Man accused of murder is sent for trial
A DISTINCTIVE blue and white sock found blood-soaked and burnt in Ian Phillip Hannaford's garbage bin allegedly belonged to missing Warwick grandmother Gail Lynch.
Hannaford was yesterday committed to stand trial in the Brisbane Supreme Court, accused of the Warwick woman's murder.
Hannaford, 59, had previously been in a relationship with Ms Lynch.
Warwick police Detective Senior Constable Ryan Harmer was called to the stand yesterday, during day two of the committal hearing, to be cross-examined by Hannaford's defence lawyer, David Shepherd.
Det Snr Const Harmer was responsible for conducting the initial search of Hannaford's home in Gala Ct, Toowoomba, after Gail Lynch went missing on July 3, 2012.
It was Det Snr Const Harmer who declared the home a crime scene on July 12, 2012, after discovering a blood-stained towel and blood in the bathroom sink.
"When I found the blood I realised we were dealing with a lot more than a normal search," he said.
"I left the bathroom immediately and phoned Detective Sergeant Darren Tamblyn to apply for a crime scene warrant."
Det Snr Const Harmer was asked by the defence if he saw an axe in Hannaford's study.
"Yes, I definitely saw an axe. I had no interest in the axe, at that time," he recalled.
"I only looked quickly at it and remember thinking it looked new. In hindsight I should have taken a better look at it.
"It wasn't until Det Sgt Tamblyn phoned me to say they had found a receipt for an axe and told me the date of purchase that I was interested in it."
Defence lawyer Mr Shepherd asked why Det Snr Const Harmer continued the search outside the home.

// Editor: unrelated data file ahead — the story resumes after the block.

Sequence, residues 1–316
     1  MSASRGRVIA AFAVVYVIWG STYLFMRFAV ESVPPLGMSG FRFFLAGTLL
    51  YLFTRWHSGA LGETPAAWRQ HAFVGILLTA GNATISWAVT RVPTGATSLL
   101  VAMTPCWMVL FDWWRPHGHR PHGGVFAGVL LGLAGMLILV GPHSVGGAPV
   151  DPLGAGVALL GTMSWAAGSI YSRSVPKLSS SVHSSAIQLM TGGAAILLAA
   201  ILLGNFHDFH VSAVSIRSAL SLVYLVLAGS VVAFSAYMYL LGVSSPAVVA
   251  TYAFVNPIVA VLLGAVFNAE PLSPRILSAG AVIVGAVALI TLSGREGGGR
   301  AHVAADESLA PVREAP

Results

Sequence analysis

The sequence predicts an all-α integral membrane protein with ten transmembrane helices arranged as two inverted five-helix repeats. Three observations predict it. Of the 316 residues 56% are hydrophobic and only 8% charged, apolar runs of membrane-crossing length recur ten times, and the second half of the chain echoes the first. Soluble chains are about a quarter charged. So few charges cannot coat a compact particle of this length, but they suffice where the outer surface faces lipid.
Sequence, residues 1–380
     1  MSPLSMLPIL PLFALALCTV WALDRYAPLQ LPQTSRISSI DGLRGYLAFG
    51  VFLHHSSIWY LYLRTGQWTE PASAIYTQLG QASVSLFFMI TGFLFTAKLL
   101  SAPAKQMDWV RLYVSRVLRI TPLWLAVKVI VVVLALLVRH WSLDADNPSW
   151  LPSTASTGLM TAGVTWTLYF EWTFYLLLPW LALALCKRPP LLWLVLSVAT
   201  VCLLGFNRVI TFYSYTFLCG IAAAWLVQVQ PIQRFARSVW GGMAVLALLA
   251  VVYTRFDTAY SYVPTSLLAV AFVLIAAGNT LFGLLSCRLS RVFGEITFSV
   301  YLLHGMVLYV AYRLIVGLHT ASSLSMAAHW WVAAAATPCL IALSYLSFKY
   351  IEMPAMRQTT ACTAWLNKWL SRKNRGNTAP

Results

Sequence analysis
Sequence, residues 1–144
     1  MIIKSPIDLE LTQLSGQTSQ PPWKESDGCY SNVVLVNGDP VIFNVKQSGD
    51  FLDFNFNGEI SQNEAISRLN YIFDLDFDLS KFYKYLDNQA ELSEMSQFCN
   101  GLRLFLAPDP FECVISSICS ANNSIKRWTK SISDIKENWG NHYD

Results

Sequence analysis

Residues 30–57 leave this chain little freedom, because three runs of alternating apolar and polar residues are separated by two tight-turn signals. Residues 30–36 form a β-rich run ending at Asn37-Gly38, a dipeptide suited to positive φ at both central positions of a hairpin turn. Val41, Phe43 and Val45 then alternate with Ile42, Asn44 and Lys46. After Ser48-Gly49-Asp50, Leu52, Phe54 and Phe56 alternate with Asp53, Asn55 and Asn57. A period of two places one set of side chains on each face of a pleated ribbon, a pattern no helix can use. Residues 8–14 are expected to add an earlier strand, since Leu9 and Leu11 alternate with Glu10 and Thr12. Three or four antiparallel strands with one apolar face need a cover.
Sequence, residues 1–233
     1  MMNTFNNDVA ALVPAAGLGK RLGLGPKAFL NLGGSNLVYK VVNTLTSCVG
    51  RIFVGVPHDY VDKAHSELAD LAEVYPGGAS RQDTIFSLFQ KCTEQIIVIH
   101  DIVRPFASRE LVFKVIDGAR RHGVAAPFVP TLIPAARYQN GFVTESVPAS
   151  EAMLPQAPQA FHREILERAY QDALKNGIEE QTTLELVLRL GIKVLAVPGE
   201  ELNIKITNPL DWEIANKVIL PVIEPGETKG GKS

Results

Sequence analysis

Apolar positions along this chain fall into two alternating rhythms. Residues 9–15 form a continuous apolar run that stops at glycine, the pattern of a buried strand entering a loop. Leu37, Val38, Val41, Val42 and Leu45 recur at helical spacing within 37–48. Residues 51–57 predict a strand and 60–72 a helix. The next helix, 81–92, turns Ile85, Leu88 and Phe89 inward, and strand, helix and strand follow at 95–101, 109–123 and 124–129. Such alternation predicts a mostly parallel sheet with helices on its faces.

"I paid special attention to some freshly dug up soil in the backyard," Det Snr Const Harmer said.
"I also found an empty packet of Ansell plastic gloves and the burnt, blood-covered items in one of the bins.
"After looking at the type of gloves it made me think markings found on Hannaford's car window could have been caused by someone wearing the gloves."
The defence asked if Det Snr Const Harmer thought that statement was an exaggeration.
"No, the finger tips on the gloves could have very well made the marks on the rear car window."
On July 13, 2012, Det Snr Const Harmer conducted a search of Ms Lynch's unit at 43 Guy St, Warwick.
"I immediately had my attention drawn to a sock that looked identical to the one found amongst the burnt, blood-soaked clothing in the defendant's bin," he said.
"They were not average socks; they were blue and had distinctive stripes."
After the defence completed the cross-examination of Det Snr Const Harmer, Mr Shepherd gave his consent for Hannaford to be committed to trial.
Magistrate Graham Lee formally accused Hannaford that on the day of July 3, 2012, he murdered Gail Lynch.
Hannaford did not choose to give a plea.
The body of Gail Lynch is yet to be found.
No date has been set for Hannaford's trial.